An imprudent quote by a man on a global podium? Yes -- particularly since popes blessed several sword-bearing Crusades. It is, however, a defensible quotation in the context of an academic lecture. The pope pointed out the dialog between Manuel II and the Persian examined "the truth of both (religions)." But context doesn't matter when triggering a CBS ambush, only the superficial trace of historical grievance and the energy of emotional slight. The "distributed" violence following the media magnification of the pope's remarks included firebombing Christian churches (in several Muslim countries) and the execution-style slaying of a Catholic nun who worked in a hospital in Somalia. A hospital administrator said her murder was "not a random act."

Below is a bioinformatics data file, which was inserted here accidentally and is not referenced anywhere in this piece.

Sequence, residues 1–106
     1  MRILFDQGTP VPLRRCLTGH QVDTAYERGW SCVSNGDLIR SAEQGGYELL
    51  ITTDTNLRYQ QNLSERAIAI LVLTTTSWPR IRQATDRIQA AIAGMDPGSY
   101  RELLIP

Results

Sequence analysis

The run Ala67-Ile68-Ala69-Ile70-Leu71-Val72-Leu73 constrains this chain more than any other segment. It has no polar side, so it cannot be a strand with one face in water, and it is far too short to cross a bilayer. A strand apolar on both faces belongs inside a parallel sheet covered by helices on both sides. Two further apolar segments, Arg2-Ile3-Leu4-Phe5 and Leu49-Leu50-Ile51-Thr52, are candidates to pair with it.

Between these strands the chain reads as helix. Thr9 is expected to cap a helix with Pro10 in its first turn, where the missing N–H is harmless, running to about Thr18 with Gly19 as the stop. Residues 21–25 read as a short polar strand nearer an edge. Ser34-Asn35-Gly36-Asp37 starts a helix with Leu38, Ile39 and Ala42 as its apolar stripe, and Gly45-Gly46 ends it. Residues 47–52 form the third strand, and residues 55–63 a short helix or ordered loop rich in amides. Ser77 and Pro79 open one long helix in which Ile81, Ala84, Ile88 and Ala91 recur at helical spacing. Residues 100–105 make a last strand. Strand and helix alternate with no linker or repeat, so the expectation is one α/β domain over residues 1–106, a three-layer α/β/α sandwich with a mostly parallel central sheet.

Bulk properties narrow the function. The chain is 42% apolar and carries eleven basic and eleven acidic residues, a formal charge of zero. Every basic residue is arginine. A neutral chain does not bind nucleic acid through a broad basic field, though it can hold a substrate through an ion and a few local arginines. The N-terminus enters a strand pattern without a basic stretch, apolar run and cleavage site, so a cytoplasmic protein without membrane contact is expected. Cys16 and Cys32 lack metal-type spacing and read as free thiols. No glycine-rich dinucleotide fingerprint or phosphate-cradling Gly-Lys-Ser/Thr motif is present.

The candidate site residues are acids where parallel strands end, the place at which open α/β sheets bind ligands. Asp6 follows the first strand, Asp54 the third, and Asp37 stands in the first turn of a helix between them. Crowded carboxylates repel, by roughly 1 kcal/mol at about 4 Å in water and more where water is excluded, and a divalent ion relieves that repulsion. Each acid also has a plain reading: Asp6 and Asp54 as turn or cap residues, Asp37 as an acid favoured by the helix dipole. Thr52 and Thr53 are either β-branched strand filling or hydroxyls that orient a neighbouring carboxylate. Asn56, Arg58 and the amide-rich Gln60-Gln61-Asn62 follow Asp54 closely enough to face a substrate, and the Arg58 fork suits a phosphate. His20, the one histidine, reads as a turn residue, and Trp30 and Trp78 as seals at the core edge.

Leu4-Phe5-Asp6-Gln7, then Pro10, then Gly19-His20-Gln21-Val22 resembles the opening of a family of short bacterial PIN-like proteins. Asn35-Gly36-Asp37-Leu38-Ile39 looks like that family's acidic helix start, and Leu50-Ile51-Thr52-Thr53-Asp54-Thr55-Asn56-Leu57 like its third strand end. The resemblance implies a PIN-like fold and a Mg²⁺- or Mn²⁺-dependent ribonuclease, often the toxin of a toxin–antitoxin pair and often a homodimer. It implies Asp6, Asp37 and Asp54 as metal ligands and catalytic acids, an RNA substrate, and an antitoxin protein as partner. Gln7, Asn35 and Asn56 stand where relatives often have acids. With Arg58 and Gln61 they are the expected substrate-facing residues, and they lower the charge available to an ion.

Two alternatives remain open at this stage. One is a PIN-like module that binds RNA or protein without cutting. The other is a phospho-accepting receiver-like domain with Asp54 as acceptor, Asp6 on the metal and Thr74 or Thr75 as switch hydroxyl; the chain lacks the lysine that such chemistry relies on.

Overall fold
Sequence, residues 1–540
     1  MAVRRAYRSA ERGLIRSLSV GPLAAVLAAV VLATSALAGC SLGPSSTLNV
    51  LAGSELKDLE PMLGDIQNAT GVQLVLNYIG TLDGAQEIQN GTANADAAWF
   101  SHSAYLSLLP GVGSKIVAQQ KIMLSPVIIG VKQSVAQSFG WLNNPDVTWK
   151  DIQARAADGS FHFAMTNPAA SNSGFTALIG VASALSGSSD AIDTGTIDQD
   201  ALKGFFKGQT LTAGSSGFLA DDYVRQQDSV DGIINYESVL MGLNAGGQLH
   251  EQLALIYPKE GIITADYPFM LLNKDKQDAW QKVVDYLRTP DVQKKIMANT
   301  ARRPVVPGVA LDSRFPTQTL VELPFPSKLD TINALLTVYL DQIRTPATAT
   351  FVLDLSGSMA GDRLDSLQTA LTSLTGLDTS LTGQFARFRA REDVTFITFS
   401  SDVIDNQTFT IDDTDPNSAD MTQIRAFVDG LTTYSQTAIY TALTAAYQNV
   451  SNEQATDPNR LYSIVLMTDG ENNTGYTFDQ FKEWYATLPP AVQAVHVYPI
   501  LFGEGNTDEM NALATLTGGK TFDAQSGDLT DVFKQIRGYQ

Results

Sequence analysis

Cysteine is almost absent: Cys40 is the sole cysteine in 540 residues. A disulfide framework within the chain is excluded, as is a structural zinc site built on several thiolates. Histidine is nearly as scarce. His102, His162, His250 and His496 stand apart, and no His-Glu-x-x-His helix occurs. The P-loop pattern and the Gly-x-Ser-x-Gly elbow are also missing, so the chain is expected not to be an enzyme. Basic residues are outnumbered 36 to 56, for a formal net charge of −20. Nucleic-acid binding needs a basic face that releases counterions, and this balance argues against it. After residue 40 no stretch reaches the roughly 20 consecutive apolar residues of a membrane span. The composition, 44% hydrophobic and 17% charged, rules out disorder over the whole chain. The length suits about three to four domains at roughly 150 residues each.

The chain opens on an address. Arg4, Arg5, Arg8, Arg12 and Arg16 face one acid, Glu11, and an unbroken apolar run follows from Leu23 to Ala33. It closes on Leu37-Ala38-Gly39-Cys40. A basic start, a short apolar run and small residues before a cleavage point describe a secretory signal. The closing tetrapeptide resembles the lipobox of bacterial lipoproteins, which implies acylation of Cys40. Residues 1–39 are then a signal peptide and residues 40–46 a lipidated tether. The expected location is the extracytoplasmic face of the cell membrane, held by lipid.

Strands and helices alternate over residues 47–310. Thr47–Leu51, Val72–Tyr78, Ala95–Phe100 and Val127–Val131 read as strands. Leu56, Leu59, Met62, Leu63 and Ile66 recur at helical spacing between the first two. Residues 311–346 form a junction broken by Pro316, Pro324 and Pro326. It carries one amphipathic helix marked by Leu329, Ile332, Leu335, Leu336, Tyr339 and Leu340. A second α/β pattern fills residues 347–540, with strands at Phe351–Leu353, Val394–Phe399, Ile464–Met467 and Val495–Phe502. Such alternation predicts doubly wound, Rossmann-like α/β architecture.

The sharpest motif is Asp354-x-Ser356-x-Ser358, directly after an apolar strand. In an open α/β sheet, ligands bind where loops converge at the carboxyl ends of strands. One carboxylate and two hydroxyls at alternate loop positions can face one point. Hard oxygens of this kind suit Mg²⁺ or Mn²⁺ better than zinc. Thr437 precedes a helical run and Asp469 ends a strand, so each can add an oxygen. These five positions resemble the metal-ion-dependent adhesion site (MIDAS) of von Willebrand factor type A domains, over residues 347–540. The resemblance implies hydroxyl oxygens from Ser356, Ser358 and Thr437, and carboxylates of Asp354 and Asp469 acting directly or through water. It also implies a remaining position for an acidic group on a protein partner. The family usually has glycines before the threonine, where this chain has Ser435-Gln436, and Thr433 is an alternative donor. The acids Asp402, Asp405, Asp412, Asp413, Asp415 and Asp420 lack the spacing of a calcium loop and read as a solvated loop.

Executing a CBS ambush requires the implicit cooperation of sensationalist media -- media that delight in emotional slights and rarely probe beyond the superficial. Until that implicit cooperation ends, the Islamo-fascists will continue to exploit this productive stratagem, achieving propaganda victories designed to ignite a "clash of civilizations" and brutally intimidate their Muslim and non-Muslim opposition.

Jonah Goldberg on the Pope's Speech

Jihad Enablers
The pope, the protesters & White Guilt.

By Jonah Goldberg

Before you can discuss the manifest seriousness of the latest controversy involving the pope, you have to acknowledge its hilarity. Pope Benedict XVI, in an austere philosophical address, invoked Byzantine emperor Manuel II Paleologus, the 14th-century ruler who offered a harsh assessment of Islam. While the Koran says, “There is no compulsion in religion,” Manuel couldn’t help but notice that Muslims were setting up more franchises in his neighborhood than Starbucks — and they weren’t doing so by selling the best darn Mocha Frappuccinos on his side of the Bosphorus Straits.